How do I check running queries and diagnose resource consumption issues for my Amazon RDS for PostrgreSQL or Aurora PostgreSQL DB instance?

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I want to see the queries that are actively running on an Amazon Relational Database Service (Amazon RDS) for PostgreSQL DB instance. Or, for an Amazon Aurora PostgreSQL-Compatible Edition DB instance.


Check running queries

Your user account must have the rds_superuser role to see all the processes that are running on a DB instance of Amazon RDS for PostgreSQL or Aurora PostgreSQL-Compatible. Otherwise, pg_stat_activity shows those queries that are running for its own processes. For more information, see the PostgreSQL documentation for the Statistics Collector.

1.    Connect to the DB instance that's running Amazon RDS for PostgreSQL or Aurora PostgreSQL.

2.    Run the following command:

SELECT * FROM pg_stat_activity ORDER BY pid;

You can also modify this command to view the list of running queries. The queries are ordered by when the connections were established:

SELECT * FROM pg_stat_activity ORDER BY backend_start;

If the xact_start column value is null, then there's no transaction opened in that session:

SELECT * FROM pg_stat_activity ORDER BY xact_start;

Or, view the same list of running queries ordered by when the last query started:

SELECT * FROM pg_stat_activity ORDER BY query_start;

To see an aggregated view of the wait events, if there are any, run the following command:

select state, wait_event, wait_event_type, count(*) from pg_stat_activity group by 1,2,3 order by wait_event;

Diagnose resource consumption

You can use pg_stat_activity and Enhanced Monitoring to identify the query or process that's consuming large amounts of system resources. After you turn on Enhanced Monitoring, set the granularity to a level that's sufficient to see the information that you need to diagnose the issue. Then, review pg_stat_activity to see the current activities in your database. You can also review the Enhanced Monitoring metrics at that time.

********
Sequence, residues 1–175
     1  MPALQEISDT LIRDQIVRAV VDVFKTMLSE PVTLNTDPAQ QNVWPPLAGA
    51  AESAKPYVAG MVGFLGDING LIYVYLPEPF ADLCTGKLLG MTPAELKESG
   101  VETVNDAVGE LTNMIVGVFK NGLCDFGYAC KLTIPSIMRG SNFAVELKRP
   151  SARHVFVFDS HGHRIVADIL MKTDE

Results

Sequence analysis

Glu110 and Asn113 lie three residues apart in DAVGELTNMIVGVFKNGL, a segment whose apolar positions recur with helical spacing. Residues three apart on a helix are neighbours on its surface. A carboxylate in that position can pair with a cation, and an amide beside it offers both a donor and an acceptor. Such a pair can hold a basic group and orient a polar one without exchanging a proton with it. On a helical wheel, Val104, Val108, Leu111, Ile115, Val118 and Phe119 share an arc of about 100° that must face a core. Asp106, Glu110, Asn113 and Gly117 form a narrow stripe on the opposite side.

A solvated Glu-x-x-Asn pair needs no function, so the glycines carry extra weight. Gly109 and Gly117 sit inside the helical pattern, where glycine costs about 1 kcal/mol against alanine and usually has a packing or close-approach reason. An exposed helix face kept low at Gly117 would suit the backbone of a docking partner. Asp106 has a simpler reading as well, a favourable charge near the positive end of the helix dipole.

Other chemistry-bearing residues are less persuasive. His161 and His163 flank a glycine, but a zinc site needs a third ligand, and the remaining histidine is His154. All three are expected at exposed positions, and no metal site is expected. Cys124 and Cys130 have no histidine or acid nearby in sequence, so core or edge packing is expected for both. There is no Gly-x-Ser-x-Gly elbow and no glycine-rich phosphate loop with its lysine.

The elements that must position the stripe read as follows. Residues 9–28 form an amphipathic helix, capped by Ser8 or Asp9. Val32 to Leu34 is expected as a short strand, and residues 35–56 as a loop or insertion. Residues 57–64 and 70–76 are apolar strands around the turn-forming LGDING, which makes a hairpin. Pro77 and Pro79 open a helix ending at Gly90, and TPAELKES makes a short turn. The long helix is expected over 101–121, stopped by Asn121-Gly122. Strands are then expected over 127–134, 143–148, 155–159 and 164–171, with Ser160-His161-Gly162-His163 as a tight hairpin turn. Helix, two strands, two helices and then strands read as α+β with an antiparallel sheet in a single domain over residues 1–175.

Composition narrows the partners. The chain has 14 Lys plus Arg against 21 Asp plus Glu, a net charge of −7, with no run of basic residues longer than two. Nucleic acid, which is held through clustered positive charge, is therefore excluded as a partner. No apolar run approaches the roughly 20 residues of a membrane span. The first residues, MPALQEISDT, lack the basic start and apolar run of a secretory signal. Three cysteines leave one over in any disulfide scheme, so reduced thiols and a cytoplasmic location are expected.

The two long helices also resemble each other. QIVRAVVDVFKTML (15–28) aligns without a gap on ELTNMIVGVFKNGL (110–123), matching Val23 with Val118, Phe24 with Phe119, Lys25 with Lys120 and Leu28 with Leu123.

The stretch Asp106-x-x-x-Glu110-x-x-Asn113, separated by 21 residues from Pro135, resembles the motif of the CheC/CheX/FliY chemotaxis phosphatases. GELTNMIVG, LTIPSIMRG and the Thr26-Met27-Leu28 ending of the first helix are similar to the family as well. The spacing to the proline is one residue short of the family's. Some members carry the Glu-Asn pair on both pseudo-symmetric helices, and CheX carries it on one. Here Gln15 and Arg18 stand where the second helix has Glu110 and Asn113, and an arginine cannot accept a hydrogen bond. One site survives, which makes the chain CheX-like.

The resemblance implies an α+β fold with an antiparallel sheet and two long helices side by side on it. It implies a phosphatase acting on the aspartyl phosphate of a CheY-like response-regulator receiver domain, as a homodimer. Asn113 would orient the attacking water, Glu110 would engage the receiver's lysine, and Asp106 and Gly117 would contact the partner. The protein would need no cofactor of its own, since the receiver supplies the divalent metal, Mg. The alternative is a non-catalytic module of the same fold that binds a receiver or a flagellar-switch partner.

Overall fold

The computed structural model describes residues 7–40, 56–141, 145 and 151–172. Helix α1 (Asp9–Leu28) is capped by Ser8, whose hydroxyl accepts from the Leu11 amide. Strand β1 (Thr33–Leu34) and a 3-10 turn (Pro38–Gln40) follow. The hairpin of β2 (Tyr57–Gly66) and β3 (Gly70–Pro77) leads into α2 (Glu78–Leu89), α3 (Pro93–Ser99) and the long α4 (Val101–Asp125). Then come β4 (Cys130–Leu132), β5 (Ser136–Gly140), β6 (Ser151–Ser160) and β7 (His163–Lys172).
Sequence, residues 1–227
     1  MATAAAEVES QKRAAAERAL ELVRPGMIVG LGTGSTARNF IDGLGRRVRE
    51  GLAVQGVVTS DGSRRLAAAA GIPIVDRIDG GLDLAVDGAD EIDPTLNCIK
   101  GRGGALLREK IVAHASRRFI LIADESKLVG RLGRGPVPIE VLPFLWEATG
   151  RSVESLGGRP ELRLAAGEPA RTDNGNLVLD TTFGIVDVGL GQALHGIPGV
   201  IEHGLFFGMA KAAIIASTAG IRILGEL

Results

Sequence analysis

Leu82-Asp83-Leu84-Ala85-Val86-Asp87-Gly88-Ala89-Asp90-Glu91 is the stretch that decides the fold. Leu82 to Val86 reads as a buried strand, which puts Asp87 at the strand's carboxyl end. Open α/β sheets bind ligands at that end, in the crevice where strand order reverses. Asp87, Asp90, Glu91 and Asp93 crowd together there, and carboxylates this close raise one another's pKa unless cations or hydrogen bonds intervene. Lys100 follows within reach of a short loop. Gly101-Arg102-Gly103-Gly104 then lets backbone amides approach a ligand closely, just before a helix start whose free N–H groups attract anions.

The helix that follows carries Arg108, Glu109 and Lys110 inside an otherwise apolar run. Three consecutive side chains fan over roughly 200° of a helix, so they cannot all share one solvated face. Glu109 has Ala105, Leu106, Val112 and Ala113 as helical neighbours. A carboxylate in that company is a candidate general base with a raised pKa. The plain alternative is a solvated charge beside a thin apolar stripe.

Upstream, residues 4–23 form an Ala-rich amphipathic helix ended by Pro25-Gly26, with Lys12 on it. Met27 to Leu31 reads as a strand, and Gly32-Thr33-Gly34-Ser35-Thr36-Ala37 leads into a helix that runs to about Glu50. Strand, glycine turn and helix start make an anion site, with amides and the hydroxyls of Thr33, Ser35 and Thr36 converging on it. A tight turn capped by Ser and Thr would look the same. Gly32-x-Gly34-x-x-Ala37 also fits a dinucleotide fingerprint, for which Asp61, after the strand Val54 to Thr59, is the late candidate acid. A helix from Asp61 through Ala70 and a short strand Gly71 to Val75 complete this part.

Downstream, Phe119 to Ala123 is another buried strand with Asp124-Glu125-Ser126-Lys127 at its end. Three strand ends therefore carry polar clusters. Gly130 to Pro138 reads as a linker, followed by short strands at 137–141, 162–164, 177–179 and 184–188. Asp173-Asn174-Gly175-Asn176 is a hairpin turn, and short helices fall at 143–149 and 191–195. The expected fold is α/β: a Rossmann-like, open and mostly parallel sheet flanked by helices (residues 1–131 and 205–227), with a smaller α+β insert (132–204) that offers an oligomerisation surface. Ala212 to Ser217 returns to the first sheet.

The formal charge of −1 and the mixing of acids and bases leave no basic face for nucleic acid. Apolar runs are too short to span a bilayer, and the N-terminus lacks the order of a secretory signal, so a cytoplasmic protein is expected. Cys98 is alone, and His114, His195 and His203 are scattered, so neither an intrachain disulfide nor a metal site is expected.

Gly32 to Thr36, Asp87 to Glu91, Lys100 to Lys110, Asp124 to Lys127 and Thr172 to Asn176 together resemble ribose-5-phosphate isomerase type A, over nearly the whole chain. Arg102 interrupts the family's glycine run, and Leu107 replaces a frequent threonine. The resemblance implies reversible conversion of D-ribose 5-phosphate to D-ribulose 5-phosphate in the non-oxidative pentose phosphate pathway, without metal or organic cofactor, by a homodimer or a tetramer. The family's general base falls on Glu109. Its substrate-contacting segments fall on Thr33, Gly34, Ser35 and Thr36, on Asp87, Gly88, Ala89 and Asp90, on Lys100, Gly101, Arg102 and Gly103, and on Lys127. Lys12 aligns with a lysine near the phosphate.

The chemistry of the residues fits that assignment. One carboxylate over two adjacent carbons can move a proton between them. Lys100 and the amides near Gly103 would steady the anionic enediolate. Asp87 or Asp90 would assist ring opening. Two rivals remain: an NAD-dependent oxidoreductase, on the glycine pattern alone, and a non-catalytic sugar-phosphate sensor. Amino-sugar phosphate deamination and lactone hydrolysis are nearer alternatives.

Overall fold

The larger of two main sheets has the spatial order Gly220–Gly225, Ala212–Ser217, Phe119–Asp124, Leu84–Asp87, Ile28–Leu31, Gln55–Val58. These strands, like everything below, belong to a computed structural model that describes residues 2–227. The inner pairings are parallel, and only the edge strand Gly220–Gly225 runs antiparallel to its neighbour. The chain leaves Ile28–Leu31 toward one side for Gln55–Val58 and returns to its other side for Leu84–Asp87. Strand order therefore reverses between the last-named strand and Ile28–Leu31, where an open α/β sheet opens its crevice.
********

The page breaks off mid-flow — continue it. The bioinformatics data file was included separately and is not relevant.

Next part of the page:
1.    View the OS process list metric to identify the query that's consuming resources. In the following example, the process consumes about 95% of the CPU time on the RDS DB instance. The process ID (pid) of the process is 14431. The process is running a SELECT statement. You can also check the MEM% to see the usage of system memory.

postgres: master postgres SELECT [14431]457.66 MB27.7 MB95.152.78unlimited

2.    Connect to the DB instance that is running PostgreSQL or Aurora PostgreSQL.

3.    Run the following command to identify the current activity of the session:

SELECT * FROM pg_stat_activity WHERE pid = PID;

Note: Replace PID with the pid that you identified in the step 1.

4.    Check the result of the command:

datid            | 14008
datname          | postgres
pid              | 14431
usesysid         | 16394
usename          | master
application_name | psql
client_addr      |
client_hostname  |
client_port      | 52003
backend_start    | 2020-03-11 23:08:55.786031+00
xact_start       | 2020-03-11 23:12:16.960942+00
query_start      | 2020-03-11 23:12:16.960942+00
state_change     | 2020-03-11 23:12:16.960945+00
wait_event_type  |
wait_event       |
state            | active
backend_xid      |
backend_xmin     | 812
query            | SELECT COUNT(*) FROM columns c1, columns c2, columns c3, columns c4, columns c5;
backend_type     | client backend

To stop the process that is running the query, invoke the following query from another session. Replace PID with the pid of the process that you identified in step 3.

SELECT pg_terminate_backend(PID);

Important: Before you end transactions, evaluate the potential affect that each transaction has on the state of your database and your application.

Related information

How can I troubleshoot high CPU utilization for Amazon RDS or Aurora PostgreSQL?

Understanding PostgreSQL roles and permissions

Creating roles

psql (on the PostgreSQL website)

pg_stat_activity (on the PostgreSQL website)